Violence Surges in Burkina Faso as Extremists Target VDPs
Residents of Dofinega, a village in central Burkina Faso, heard the rumble of approaching motorcycles in January. The motorcycles carried 40 gunmen wearing fatigues and turbans.
A local woman anonymously told Human Rights Watch (HRW) that six gunmen gathered her brothers and some children in a nearby field. Her brothers were forced to lay on their stomachs.
“People begged, asking not to be killed, but the terrorists refused,” the woman said. “They executed them in front of us. They shot them in the head.”
The children were spared, but three of the woman’s brothers were among 17 men killed that day. The gunmen repeatedly told residents to leave.
“‘You no longer have the right to stay here!’ they said,” the woman told HRW, adding that she heard 1,500 people left the village.
Displacement is a common strategy used by groups such as Jama’at Nasr al-Islam wal Muslimi (JNIM) and the Islamic State in the Greater Sahara (ISGS) to assert their power and punish locals for collaborating with government authorities and security forces.
In February, about 100 gunmen rounded up a group of about 60 residents in the village of Noaka and told them to leave.
“As early as the first day some people left, the second and third days too,” a 41-year-old woman told HRW. “I don’t think there is anyone [left] over there.”
The Dofinega massacre was one of many committed by JNIM, ISGS and other violent extremist organizations in Burkina Faso since late 2022.
According to Armed Conflict Location & Event Data Project, more than 4,200 people in Burkina Faso were killed by armed violence in 2022. In the first 3 1/2 months of 2023, armed violence in the country claimed about 3,000 more lives.
The transitional government led by Capt. Ibrahim Traoré controls only about 40% of the country’s territory.
As part of his efforts to rally all Burkinabé in the fight against terrorism, Traoré launched a campaign to recruit 50,000 civilians into the Volunteers for the Defense of the Homeland (VDP) shortly after gaining power in September 2022. By November, the government claimed it had recruited 90,000. The chosen civilians underwent two weeks of military training.
In response to the VDP’s formation, the armed groups attacked villages they accused of supporting the militias.
An April 15 attack underscored the danger of sending lightly trained civilians to the frontline battlegrounds of Burkina Faso. Terrorists attacked a group of Soldiers and civilian volunteers near Aorema village, killing 34 VDP members, six Soldiers and injuring 33 more, according to a statement from local authorities.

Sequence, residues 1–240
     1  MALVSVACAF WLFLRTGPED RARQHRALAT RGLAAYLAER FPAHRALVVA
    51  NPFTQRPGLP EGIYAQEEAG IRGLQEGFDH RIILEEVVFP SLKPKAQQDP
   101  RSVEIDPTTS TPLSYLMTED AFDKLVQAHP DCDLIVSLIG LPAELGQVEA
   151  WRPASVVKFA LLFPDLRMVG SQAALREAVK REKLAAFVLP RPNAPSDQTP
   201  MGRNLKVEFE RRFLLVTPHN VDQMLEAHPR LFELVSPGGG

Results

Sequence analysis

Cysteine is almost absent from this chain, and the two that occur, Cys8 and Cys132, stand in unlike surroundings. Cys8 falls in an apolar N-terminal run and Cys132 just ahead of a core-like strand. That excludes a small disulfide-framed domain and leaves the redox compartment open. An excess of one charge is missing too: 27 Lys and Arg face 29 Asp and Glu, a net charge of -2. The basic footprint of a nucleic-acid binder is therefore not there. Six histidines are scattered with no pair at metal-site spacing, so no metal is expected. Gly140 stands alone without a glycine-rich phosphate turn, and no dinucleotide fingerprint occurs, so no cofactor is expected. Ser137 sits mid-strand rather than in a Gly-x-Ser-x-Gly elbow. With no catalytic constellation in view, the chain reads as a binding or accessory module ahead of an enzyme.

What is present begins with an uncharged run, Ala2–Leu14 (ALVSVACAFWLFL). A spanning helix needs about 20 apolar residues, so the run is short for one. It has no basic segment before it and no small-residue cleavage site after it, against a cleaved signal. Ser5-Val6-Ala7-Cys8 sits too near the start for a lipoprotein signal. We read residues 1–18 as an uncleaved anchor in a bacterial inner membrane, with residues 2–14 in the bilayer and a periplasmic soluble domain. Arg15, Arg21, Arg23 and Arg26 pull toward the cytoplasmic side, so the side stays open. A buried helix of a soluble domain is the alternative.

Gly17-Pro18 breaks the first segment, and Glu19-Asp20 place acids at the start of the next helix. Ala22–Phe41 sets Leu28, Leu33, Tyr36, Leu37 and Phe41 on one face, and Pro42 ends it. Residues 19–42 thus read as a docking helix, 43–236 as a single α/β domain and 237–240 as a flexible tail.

The deadliest attack came in late April, when assailants wearing Burkinabé military attire killed at least 156 people, including newborn babies, in the northern village of Karma. Survivors blamed the attack on VDP forces.
Burkinabé civil society movement Le Balai Citoyen (The Citizen Broom) accused Traoré’s government of practically ignoring the massacre.
“The government suggests it is not sure whether these killings took place. Therefore, its own sources are not certain about what happened in Karma,” the movement said in a statement, which stressed the importance of “delivering justice to the Burkinabé victims of this massacre.”
The Karma massacre happened five days after an attack on a VDP base that killed eight Soldiers and 32 VDP members.
Both attacks came days after Traoré declared a “general mobilization” of civilians to “give the state all the necessary means” to deal with the terrorists. That move came two months after Traoré ordered French troops out of the country.
In a late April statement, the African Commission on Human and Peoples’ Rights condemned the “terrorist attacks against the Defence and Security Forces and the civilian population” in Burkina Faso.
The commission underlined that “a State may also be held responsible for killings by non-state actors if it approves, supports or acquiesces in such acts or if it fails to exercise due diligence to prevent such killings or to ensure there is a proper investigation.”